According to the CAG report, in October 2017, the Ministry of Drinking Water and Sanitation sanctioned Rs 35.13 crore as its share (1st instalment) for implementation of SBM (Gramin) during 2017-18. The Nagaland Government in December 2017 released Rs 39.03 crore (including State share) to the Chief Engineer-cum-Director, Water and Sanitation Support Organisation (WSSO), PHED.

Baseline Survey (BLS) was conducted only during 2012 for implementation of SBM (G) in Nagaland. Except in Viswema village, the CAG informed that the rate of Rs 1,80,000 for construction of CSC and Rs 10,800 for Individual Household Latrines (IHHL) were allowed for all the remaining 43 villages under EE, PHED (Rural), Kohima as per the GoN approved Action Plan.

However, reasons for providing CSCs at higher rates i.e. @ of Rs 2.48 lakh per CSC in Viswema village was not available in records, it informed.

The CAG informed that the Director, WSSO in December 2017 released the fund (Rs 39.03 crore) to 12 PHED divisions, out of which an amount of Rs 11.13 crore was allocated to EE, PHED (Rural), Kohima.

Out of the allocated amount of Rs 11.13 crore, an amount of Rs 10.21 crore was earmarked for construction of 9,457 IHHLs. Out of which, Rs 9.36 crore was earmarked for construction of 8,664 IHHLs in 44 villages under EE, PHED (Rural), Kohima during 2017-18.

Out of the 44 villages, Viswema village (under Jakhama Block) was allocated Rs 1.84 crore for construction of 1,700 IHHLs. The village was declared as Open Defecation Free (ODF) village with effect from June 2018, Scrutiny of records (August 2019) revealed that the Chairman, Viswema Village Council requested the Department in January 2018 to construct 200 CSCs in lieu of the allocated 1,700 IHHLs as the construction of IHHL in the previous years were not successful due to non-availability of land.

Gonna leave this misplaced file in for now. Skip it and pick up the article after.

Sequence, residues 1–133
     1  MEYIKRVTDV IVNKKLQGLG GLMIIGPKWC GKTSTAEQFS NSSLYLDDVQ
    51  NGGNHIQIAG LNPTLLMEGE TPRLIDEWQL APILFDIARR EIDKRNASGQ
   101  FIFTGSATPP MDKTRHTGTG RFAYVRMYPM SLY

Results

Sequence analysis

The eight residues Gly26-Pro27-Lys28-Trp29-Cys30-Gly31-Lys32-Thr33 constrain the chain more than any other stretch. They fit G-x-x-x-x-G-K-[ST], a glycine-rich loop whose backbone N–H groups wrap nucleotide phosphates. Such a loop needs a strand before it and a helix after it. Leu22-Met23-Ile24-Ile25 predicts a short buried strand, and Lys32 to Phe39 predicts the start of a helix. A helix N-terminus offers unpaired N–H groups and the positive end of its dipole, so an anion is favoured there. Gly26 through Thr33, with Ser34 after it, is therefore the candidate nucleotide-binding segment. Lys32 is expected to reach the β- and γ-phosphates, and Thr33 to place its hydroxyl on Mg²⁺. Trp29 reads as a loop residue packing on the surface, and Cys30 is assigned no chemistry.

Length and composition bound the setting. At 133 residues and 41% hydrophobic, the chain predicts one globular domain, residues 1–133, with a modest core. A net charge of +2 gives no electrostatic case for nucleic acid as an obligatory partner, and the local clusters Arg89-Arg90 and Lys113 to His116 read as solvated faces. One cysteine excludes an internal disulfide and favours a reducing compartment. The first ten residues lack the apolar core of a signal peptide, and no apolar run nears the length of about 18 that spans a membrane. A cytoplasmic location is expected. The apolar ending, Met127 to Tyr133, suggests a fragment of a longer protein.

Accordingly, the Director (WSSO) approved construction of 74 CSCs at the rate of Rs 2.48 lakh per unit instead of Rs 1.80 lakh approved by GoN for implementation of CSC in the State.

The work was awarded (January 2018) to M/s CONSURV, Kohima, Nagaland on the basis of recommendation submitted by the Viswema Village Council and the work order was issued (January 2018) by the EE to the firm. The Divisional Officers certified in the MBs and RA Bills that the work was completed (March 2018) and the contractor was paid Rs 1.84 crore.

However, the CAG said that the Director, WSSO, PHED “arbitrarily allowed” higher rate of Rs 2.48 lakh per CSC for Viswema Village which is in violation to the State Government approved Action Plan for implementation of SBM (G). This resulted in excess payment of Rs 50.32 lakh.

It was also observed that despite allowing a higher rate of Rs 2.48 lakh per CSC, the CSCs “lacked sanitation facilities as provisions for washing basin, urinal pan, water syntax with stand, etc., were not constructed/ provided.”

The JPV meanwhile found in July 2019 that in six out of 74 CSCs, WATSAN committee members and the Village Council revealed deviations from the approved drawing/ specifications. “It was noticed that provision for water supply connection was not made in all the CSCs inspected. The departmental officials, WATSAN committee members and the Village Council also certified that out of the 74 CSCs constructed, 40 CSCs have single toilets and the remaining 34 CSCs have either single toilet with attached bathroom or two toilets without any other facilities,” the CAG noted.

It said that the deviations from approved design and specifications resulted in reduction of quantities in certain items of works viz. woodwork for roofing and doors, vent pipes, wash closet pan, etc., resulting in excess payment to the contractor to the tune of Rs 72.70 lakh.

The matter was reported to the State Government in August 2021, and a reply is awaited as of May 2022, the CAG said.

NPRAAF calls for action against corruption
The NPRAAF demanded that the State Government not remain silent indefinitely and urged the government to initiate an inquiry headed by the Chief Secretary or a retired Judge. They called for holding officials responsible for allowing higher rates and failing to exercise due diligence, emphasizing that remaining silent indefinitely would not solve the issue of corruption in the state.

The NPRAAF also appealed to the general public not to accept corruption as an established institution but to boldly voice their opposition against it.

The NPRAAF stated that they would soon meet with the Prime Minister and the Home Minister of India to apprise them of the massive corruption in the state across almost every department.

They would demand that principal investigating agencies establish offices in Nagaland to combat corruption.

Mokokchung Times